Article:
Dear all,

In our youth Bible Study last night, we talked about the prophets. There are 15 prophetic books in Hebrew Scripture (called the Nevi’im in Hebrew): the three major prophets of Ezekiel, Jeremiah, and Isaiah (Christians add two more, Lamentations and Daniel), and the minor prophets, consisting of Hosea, Joel, Amos, Obadiah, Jonah, Micah, Nahum, Habakkuk, Zephaniah, Haggai, Zechariah, Malachi. This is a diverse and opinionated cast of characters, who do not shy away from forceful rhetoric, pointed criticism, and extreme behavior to get their points across. Isaiah, for example, walked around naked for three years to make his point – or rather, to make God’s point. Because for each of the prophets, the message they were trying to get across was God’s.

While the prophets each have their own story and style, there are a few things that connect them all. Each has some experience of God, a call. This call leads them into a life focused on mutual partnership between God and God’s people.* This sometimes means calling people to cause when they are not living in mutual partnership with God, when they are not living the way God has called them to. Micah 6:8 offers a pithy summary: “[God] has told you, O mortal, what is good; and what does the Lord require of you but to do justice, and to love kindness, and to walk humbly with your God?

The prophets frequently accuse Israel of idolatry, of getting too cozy with other gods, and of allowing or enacting injustice towards the vulnerable. After making their accusations, they call on the people to repent, emphasizing more or less God’s merciful nature to those who confess and change their ways. Unfortunately, people being what we are, change is often temporary (shout out to the people of Ninevah for listening to Jonah!). And when change fails to come or is inconsistent, the prophets announce the consequences: the coming judgement of the Day of the Lord, which would real and felt consequences in the world.

This pronouncement of coming judgement was not just far away in the future. Many of the prophets were active during times of exile and occupation of Israel, when their people were suffering, their cities destroyed, and their communities displaced. Announcing the downfall of Jerusalem wasn’t abstract: it happened. Cosmic events were local; local events were cosmic.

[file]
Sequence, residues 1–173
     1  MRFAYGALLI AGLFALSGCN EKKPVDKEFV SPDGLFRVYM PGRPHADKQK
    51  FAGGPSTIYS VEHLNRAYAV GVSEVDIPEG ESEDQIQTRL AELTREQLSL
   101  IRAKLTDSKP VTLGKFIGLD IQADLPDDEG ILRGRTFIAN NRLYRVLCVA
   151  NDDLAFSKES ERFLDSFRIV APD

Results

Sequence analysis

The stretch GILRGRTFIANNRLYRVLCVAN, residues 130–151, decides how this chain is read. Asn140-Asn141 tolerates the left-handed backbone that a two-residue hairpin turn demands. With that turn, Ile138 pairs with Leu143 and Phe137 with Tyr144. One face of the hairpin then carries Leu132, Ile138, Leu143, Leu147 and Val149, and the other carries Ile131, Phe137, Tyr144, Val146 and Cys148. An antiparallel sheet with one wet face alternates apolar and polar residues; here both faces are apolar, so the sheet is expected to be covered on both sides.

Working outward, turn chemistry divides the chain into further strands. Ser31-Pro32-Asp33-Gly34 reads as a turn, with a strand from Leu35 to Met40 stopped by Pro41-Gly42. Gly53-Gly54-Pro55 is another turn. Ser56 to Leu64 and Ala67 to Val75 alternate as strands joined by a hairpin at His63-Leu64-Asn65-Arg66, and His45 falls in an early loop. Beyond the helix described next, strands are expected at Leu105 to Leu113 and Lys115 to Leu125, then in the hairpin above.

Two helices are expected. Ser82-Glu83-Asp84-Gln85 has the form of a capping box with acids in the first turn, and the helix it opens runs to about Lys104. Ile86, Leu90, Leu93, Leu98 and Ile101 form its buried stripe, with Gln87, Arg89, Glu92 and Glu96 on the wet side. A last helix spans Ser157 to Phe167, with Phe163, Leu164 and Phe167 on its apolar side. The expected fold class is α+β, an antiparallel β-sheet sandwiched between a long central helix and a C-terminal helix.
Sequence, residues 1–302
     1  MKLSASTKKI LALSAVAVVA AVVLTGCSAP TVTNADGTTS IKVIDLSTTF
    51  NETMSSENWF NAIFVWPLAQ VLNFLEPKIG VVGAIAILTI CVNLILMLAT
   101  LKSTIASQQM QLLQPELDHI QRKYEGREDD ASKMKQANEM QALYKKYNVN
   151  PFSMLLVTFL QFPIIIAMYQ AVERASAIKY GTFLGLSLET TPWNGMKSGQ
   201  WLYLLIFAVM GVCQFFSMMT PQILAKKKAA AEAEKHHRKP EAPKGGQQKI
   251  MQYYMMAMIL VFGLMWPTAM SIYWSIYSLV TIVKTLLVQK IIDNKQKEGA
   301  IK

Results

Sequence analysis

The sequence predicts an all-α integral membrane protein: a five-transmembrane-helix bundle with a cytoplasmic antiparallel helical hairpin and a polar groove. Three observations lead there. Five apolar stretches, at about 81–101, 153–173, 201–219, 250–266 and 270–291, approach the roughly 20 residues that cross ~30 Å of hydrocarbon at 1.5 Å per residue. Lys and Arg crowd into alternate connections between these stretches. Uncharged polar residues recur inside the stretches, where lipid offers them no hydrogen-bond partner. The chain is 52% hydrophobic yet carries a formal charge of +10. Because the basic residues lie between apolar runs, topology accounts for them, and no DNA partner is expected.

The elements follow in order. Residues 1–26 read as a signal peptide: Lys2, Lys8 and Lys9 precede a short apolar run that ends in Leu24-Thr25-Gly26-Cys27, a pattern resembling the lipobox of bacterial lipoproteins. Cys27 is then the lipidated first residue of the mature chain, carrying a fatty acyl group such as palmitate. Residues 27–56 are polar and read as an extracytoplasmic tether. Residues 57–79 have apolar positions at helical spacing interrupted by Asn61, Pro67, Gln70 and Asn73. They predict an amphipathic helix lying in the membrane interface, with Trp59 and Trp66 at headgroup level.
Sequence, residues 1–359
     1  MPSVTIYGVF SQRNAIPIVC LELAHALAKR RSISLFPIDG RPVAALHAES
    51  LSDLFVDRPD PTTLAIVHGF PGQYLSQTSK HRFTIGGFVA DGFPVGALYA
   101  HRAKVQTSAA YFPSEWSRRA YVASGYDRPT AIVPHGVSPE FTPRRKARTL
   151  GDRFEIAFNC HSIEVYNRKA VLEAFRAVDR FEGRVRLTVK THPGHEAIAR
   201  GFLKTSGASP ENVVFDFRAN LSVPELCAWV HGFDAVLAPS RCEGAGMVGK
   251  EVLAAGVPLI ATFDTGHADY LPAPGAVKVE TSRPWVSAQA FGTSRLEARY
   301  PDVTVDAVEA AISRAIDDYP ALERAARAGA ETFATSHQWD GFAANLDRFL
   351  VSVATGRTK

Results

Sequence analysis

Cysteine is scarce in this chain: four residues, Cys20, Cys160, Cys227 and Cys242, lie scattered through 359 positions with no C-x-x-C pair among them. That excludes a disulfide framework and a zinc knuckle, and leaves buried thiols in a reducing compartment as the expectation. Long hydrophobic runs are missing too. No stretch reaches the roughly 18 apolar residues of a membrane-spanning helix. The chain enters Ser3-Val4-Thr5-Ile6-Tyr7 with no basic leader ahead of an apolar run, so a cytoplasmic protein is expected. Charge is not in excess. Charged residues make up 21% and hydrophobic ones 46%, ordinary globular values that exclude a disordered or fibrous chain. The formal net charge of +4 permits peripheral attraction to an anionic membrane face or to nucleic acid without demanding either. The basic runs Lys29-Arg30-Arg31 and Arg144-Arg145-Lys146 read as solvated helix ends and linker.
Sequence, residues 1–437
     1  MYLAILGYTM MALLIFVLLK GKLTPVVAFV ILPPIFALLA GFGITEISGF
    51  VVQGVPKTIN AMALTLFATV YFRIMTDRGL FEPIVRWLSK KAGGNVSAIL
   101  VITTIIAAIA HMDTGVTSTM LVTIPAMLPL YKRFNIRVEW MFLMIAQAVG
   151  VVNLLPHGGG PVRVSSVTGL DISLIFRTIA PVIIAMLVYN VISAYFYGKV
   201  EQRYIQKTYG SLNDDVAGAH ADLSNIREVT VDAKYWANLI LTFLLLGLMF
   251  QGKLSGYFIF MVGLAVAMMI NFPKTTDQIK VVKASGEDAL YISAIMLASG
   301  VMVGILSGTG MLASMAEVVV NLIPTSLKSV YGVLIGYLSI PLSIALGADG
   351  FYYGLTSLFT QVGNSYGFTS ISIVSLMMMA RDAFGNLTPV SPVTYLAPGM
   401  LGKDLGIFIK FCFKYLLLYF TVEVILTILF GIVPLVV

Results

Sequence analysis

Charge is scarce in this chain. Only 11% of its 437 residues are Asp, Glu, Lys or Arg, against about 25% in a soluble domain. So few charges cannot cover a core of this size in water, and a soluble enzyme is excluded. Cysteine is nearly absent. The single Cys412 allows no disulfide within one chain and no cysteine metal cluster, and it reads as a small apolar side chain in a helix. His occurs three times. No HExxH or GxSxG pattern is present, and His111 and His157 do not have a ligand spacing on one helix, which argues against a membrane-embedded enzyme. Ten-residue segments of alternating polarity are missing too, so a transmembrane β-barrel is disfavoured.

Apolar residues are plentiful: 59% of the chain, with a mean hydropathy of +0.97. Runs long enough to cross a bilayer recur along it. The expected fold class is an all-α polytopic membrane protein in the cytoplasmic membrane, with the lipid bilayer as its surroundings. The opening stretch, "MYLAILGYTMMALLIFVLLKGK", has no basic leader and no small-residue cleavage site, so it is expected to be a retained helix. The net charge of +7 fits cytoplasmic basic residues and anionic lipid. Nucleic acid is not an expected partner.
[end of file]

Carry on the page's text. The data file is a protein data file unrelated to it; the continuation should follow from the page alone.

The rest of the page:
Last night as we talked about the prophets, we wondered together about the tension between warning and hope that the prophets offer, and the role prophets still play today. Not only the Biblical prophets but our own contemporary prophets. Greta Thunberg, Malala Yousafzai, Nelson Mandela, and Martin Luther King, Jr. were each offered up as prophetic voices of our time, demanding that we change the way we live together on our planet and with one another, warning of the consequences if we do not, and offering us the possibility of a different future.

As we remember Dr. King’s life and legacy this weekend, I wonder what prophetic voices you are encountering? What are they agitating for? What are they warning against? What hope do they offer? And reflecting on our own lives, how might the prophets call us to live differently? What idols do we worship (power, control, fame, youth, money, and desire were a few we came up with)? What injustice do we tolerate? And how might we be called to do justice, love kindness, and walk humbly with God?


*A quick (or not so quick) contextual note: Throughout Hebrew Scripture, or the Old Testament, God’s people are often called the people of Israel, or simply Israel. This gets confusing, since there is also contemporary nation state called Israel. In the Bible, the people of Israel derive their name from Jacob, son of Isaac and Rebecca, son of Abraham and Sarah. When Jacob wrestles with God at the Jabbok river (Genesis 32:22-32), God blesses Jacob and gives him a new name, Israel, which means “one who struggles with God.” Jacob’s twelve sons become the twelve tribes of Israel, who go on to inherit their parents’, grandparents’, and great grandparents’ faith, springing from Abraham’s covenant with God (Genesis 17). In the liturgies of the Episcopal Church today, you may here a phrase like “The calling of Israel to be your people” (Eucharistic Prayer B, Rite II). This is refers to the Biblical people of Israel, tracing their faith through Jacob all the way back to Abraham and Sarah. As Christians, our understanding of what it means to be part of the people of God is different because of Jesus (the arguments about this get thorough treatment in Acts and the Epistles), but we, too, trace our religious family tree back to Genesis.